Obama Acts to Protect Regulations That Protect Seniors

In April, the Department of Labor — after years of deliberation and public comment — issued regulations requiring that financial advisers act in the best interests of their clients in giving retirement investment advice. Once the regulations take effect, advisers will no longer be able to steer clients to investments that generate high fees for the advisors and lower returns than investors might get with other investments.

Under the regs, advisers will have a much harder time selling their variable, fixed, and equity annuities — and all the complicated combinations thereof — and will have to focus on lower-cost investments such as stock index funds. These are investments that buyers can actually understand.

The regulations are just common sense, but the Republican-controlled Congress, under pressure from the financial industry, sought to thwart them. On April 28, the House passed a resolution of disapproval, and the Senate passed the same resolution, H.J. Res. 88, on May 24.

Thankfully, on June 8, President Obama vetoed the resolution, and now, the regulations can come into force. In his veto message, the President said,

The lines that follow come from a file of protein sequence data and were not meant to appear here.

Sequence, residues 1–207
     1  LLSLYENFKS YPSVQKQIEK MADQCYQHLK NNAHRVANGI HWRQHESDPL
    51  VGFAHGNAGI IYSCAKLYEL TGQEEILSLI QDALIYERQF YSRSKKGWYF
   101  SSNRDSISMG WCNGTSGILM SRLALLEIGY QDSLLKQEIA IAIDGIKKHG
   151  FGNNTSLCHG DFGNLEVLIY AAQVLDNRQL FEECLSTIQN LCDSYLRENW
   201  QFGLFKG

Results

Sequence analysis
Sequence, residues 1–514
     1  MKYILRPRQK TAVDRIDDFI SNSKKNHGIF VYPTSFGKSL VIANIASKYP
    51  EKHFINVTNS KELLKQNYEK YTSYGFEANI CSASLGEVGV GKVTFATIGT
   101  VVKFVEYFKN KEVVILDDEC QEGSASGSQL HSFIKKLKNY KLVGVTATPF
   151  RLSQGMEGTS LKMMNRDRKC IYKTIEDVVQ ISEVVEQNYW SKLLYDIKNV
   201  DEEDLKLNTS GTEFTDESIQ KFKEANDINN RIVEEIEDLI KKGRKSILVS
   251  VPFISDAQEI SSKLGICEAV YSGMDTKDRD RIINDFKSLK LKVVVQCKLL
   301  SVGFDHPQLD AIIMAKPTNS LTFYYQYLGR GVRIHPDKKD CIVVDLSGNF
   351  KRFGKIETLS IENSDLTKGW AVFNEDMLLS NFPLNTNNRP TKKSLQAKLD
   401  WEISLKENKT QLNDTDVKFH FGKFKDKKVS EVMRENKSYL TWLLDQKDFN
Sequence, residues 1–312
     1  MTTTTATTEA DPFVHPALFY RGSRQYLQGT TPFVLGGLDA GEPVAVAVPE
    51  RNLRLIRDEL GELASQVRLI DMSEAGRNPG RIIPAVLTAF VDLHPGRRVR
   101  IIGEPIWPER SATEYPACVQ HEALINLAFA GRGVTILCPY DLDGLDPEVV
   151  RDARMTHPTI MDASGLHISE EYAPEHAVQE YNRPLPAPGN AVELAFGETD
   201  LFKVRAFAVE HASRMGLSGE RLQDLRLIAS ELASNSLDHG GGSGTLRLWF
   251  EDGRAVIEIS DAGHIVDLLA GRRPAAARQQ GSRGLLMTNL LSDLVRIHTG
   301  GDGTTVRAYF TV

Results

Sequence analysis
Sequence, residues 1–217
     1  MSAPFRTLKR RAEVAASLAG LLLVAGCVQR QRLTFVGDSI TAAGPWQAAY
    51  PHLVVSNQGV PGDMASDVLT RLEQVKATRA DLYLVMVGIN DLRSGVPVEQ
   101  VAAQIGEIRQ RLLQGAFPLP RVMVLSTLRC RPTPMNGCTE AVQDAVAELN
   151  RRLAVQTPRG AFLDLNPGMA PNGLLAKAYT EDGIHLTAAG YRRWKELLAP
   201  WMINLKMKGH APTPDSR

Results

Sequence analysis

“The outdated regulations in place before this rulemaking did not ensure that financial advisers act in their clients’ best interests when giving retirement investment advice. Instead, some firms have incentivized advisers to steer clients into products that have higher fees and lower returns — costing America’s families an estimated $17 billion a year.”

If you want to see how your House member or Senator voted on H.J. Res. 88, click here and here. A vote in favor of H.J. Res. 88 is a vote for the industry; a vote against is a vote for seniors. Take note, and remember in November.

 

 

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2 thoughts on “Obama Acts to Protect Regulations That Protect Seniors

  1. Joan Mistretta

    It absolutely amazed me that this regulation was necessary. One would ASSUME that financial advisers have to act in he best interest of their clients if they are getting paid to do so. That should go without saying! Do we need special regulations saying that doctors can’t advise their patients to smoke more cigarettes? Or that lawyers can’t work for their client’s adversaries? That lawn care companies can’t plant weeds in their client’s lawns? If the financial community were capable of embarrassment I guess this would do it — but apparently not.

    Liked by 1 person

    Reply

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